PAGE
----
“I am not a teacher, but an awakener.”
~ Robert Frost ~
Dana’s staff is constantly asking her what they need to do to get promoted. Her four direct reports are especially anxious to move ahead in the company. Neither the company nor Dana herself has a definitive mentoring program. She realizes that she needs to make some drastic changes in mentoring her staff in order to help them grow and be offered the opportunities they deserve.
In the absence of a formal corporate mentoring program, Dana takes steps to develop a mentoring program of her own. She meets with her direct reports and together they develop a simple two-part strategy. First, Dana will make new, high profile projects available to all who want them and encourage them to volunteer. Second, she will raise awareness of staff members’ accomplishments …
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“The most courageous act is still to think for yourself. Aloud.”
~ Coco Chanel ~
Casey is facing a dilemma. She has always considered herself a leader. And she’s always been considered a leader by others. At work, she consistently brings out the best in her people by encouraging them, listening to them, empowering them, and letting them know they are important and that their opinions matter.
Lately, however, Casey has become The Reluctant Leader. She feels she is not being noticed for all her hard work and accomplishments. Yet she doesn’t feel comfortable bragging, talking about how great she is, or publicly calling attention to all her accomplishments.
Driven by discovery.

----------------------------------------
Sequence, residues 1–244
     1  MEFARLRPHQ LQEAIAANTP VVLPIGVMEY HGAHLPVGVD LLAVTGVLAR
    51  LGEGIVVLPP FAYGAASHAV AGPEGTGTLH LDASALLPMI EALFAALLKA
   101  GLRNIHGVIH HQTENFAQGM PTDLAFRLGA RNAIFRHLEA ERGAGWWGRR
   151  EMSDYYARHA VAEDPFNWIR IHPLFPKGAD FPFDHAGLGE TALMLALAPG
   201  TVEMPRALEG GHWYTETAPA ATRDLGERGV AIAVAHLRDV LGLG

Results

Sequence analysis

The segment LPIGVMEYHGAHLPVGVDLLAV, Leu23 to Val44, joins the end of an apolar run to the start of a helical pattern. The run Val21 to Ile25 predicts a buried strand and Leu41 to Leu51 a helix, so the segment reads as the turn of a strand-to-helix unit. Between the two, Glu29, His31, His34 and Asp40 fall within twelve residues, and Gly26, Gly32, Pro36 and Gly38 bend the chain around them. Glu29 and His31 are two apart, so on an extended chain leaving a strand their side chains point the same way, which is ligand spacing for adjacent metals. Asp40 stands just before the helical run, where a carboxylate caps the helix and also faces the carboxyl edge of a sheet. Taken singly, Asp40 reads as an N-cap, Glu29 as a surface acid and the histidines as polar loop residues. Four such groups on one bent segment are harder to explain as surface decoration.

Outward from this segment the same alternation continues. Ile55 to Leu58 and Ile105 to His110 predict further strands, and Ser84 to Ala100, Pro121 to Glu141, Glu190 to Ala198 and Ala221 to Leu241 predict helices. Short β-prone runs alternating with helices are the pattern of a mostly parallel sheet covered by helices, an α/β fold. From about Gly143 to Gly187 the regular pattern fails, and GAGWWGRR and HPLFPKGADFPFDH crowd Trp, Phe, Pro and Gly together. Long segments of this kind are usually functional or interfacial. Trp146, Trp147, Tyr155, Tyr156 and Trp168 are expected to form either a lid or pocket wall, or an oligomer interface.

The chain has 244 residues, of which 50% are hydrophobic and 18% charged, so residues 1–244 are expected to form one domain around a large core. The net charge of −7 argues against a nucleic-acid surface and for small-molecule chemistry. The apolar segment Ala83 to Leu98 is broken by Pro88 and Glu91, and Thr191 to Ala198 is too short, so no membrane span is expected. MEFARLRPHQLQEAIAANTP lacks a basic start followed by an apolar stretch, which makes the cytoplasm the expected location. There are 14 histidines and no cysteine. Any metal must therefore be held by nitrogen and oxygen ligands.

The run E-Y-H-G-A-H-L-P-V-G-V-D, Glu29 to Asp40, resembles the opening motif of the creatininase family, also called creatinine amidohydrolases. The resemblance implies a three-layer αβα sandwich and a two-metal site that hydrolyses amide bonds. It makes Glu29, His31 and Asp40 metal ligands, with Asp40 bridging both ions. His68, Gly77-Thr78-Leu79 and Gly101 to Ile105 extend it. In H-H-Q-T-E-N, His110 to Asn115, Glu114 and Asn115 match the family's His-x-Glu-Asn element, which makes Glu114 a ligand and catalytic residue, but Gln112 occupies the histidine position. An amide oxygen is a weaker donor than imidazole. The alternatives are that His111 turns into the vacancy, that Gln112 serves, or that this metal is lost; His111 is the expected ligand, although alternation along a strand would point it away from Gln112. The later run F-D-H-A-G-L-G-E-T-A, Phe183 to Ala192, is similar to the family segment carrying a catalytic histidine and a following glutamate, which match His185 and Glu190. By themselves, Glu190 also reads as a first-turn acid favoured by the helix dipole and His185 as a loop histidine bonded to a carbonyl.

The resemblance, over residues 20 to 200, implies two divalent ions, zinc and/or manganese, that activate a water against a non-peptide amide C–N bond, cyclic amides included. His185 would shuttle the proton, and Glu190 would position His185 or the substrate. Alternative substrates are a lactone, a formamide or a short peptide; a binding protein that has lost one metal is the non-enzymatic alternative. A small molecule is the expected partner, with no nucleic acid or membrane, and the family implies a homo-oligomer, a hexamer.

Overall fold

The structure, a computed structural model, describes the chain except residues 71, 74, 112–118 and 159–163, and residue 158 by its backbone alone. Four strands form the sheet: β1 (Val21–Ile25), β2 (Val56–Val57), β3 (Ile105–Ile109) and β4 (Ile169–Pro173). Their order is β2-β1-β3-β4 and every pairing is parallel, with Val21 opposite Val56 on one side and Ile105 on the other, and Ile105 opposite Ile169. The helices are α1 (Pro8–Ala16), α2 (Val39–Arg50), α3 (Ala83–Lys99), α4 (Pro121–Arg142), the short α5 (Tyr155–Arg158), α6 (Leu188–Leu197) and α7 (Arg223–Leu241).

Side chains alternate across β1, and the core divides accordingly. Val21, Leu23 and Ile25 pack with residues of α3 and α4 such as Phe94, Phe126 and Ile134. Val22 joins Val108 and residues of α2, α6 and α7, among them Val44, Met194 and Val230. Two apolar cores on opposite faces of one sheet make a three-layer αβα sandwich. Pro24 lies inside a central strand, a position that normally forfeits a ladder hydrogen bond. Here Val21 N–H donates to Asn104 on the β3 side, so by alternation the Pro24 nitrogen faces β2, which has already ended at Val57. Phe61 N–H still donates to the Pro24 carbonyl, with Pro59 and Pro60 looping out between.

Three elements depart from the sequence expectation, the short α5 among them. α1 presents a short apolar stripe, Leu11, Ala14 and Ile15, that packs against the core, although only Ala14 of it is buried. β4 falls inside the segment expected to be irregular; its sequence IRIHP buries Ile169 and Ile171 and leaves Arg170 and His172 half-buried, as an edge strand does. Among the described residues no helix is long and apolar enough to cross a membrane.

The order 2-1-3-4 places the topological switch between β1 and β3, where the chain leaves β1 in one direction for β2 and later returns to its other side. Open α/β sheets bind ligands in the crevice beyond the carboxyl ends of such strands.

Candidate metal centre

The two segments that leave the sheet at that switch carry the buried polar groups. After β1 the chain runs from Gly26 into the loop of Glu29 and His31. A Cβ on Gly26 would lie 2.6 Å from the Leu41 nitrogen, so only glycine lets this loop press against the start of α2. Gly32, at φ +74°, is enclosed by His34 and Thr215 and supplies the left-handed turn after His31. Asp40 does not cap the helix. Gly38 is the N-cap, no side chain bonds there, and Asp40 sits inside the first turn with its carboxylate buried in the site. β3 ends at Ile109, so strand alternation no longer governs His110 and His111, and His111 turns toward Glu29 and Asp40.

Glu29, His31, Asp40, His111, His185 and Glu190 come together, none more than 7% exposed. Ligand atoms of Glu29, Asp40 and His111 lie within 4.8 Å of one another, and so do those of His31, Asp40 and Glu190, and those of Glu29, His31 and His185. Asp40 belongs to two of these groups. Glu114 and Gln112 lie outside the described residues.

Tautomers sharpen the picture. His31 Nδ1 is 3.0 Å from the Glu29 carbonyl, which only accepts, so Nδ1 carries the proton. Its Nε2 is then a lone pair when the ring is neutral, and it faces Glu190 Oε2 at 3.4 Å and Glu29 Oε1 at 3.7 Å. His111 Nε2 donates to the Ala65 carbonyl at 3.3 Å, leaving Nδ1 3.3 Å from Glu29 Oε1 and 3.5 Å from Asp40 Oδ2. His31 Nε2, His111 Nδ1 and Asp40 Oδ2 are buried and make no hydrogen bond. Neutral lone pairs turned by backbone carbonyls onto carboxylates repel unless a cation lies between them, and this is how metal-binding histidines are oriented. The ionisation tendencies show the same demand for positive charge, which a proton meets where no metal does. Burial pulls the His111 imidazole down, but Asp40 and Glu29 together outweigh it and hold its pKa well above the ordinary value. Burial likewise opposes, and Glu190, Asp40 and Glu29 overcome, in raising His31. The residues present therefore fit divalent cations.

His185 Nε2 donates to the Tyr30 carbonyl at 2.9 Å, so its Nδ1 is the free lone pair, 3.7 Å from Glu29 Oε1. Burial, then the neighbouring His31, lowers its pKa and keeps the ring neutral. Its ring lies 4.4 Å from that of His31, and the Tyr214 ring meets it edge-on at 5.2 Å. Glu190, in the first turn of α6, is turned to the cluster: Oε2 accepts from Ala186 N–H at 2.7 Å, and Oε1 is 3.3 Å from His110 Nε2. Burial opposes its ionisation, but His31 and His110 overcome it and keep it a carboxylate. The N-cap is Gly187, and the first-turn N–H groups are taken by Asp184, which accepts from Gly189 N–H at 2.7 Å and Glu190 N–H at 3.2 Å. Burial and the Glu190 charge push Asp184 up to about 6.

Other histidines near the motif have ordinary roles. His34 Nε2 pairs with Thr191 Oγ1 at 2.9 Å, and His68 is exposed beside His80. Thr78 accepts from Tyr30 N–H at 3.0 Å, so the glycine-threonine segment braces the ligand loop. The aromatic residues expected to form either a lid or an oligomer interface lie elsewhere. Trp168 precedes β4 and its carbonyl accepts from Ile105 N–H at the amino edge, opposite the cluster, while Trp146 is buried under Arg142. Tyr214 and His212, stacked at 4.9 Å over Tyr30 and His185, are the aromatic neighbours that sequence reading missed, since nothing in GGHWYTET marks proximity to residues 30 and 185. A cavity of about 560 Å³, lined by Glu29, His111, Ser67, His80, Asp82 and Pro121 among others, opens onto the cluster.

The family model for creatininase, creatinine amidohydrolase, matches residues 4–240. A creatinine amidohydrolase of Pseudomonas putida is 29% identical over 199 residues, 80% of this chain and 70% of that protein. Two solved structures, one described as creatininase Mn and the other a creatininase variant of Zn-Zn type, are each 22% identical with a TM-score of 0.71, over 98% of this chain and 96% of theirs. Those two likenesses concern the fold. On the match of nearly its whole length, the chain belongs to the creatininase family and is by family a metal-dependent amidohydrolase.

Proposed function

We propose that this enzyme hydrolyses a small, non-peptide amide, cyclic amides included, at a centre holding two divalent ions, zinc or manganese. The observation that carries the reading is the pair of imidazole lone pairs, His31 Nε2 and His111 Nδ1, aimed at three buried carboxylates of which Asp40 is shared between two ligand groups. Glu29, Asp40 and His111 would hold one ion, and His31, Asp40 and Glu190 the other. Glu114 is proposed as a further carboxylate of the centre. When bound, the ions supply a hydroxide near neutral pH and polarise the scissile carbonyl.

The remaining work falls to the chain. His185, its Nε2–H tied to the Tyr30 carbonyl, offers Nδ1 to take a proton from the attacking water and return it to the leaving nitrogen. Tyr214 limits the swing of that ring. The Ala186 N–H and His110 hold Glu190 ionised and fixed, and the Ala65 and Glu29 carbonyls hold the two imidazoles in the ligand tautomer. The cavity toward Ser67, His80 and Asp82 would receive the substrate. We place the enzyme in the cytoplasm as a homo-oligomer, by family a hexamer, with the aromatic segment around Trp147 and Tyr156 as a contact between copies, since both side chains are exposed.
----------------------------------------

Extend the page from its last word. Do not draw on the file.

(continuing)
This phrase sounds magical—evoking images of explorers like Columbus or Lewis and Clark. It seems even more magical when you consider one of the key attributes of a successful executive is curiosity, and that 70 percent of all successful new businesses end up with a strategy different than the one initially pursued. Groupon, for example, started out as an activism platform bringing people together to fundraise for a cause or to boycott retailers (ironic!) while Netflix, the Emmy-winning content company, started as a door-to-door DVD rental service.
But there’s a rub.
Discovery implies the unknown and most of us seem to prefer the safe harbor of the known–even when the known isn’t all that great. So, here’s a hack for putting some structure around navigating the unknown based on theory of discovery-driven planning of Rita Gunther-McGrath and Ian McMillan.
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“I feel that the greatest reward for doing is the opportunity to do more.”
~ Jonas Salk ~
Client Leanne Asks: I’ve positioned myself well by creating a number of opportunities which can raise my visibility with my firms’ leaders. Now I’m stuck in the middle. I have to execute on all the new work, build and maintain my pipeline of new projects, and do my actual day job besides. My concern is that I don’t have the band-width or energy to do all these things at once. How do I optimize the time I spend on the high visibility items?
Coach Joel Answers: What got you here won’t get you there. Do the job you want, not the job you have. Here’s the way I see it: You put a lot of things out there that you could work on …
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“You cannot climb the ladder of success dressed in the costume of failure.”
~ Zig Ziglar ~
Client Bart Asks: I have a couple of job interviews coming up next week. A friend told me I ought to invest in a whole new wardrobe, including an expensive looking watch. I’m a pretty casual, laid-back guy. I’d feel almost like a phony in a three-piece suit and a Rolex watch. What should I do? Can the wrong clothes truly hurt my chances of getting hired?
Coach Joel Answers: It’s an old cliché, but it’s true—you never get a second chance to make a first impression. However, that doesn’t necessarily mean a three piece suit and a Rolex. Let’s talk about how you want to be perceived by your interviewers.
Before a job interview, I advise my clients to write down …
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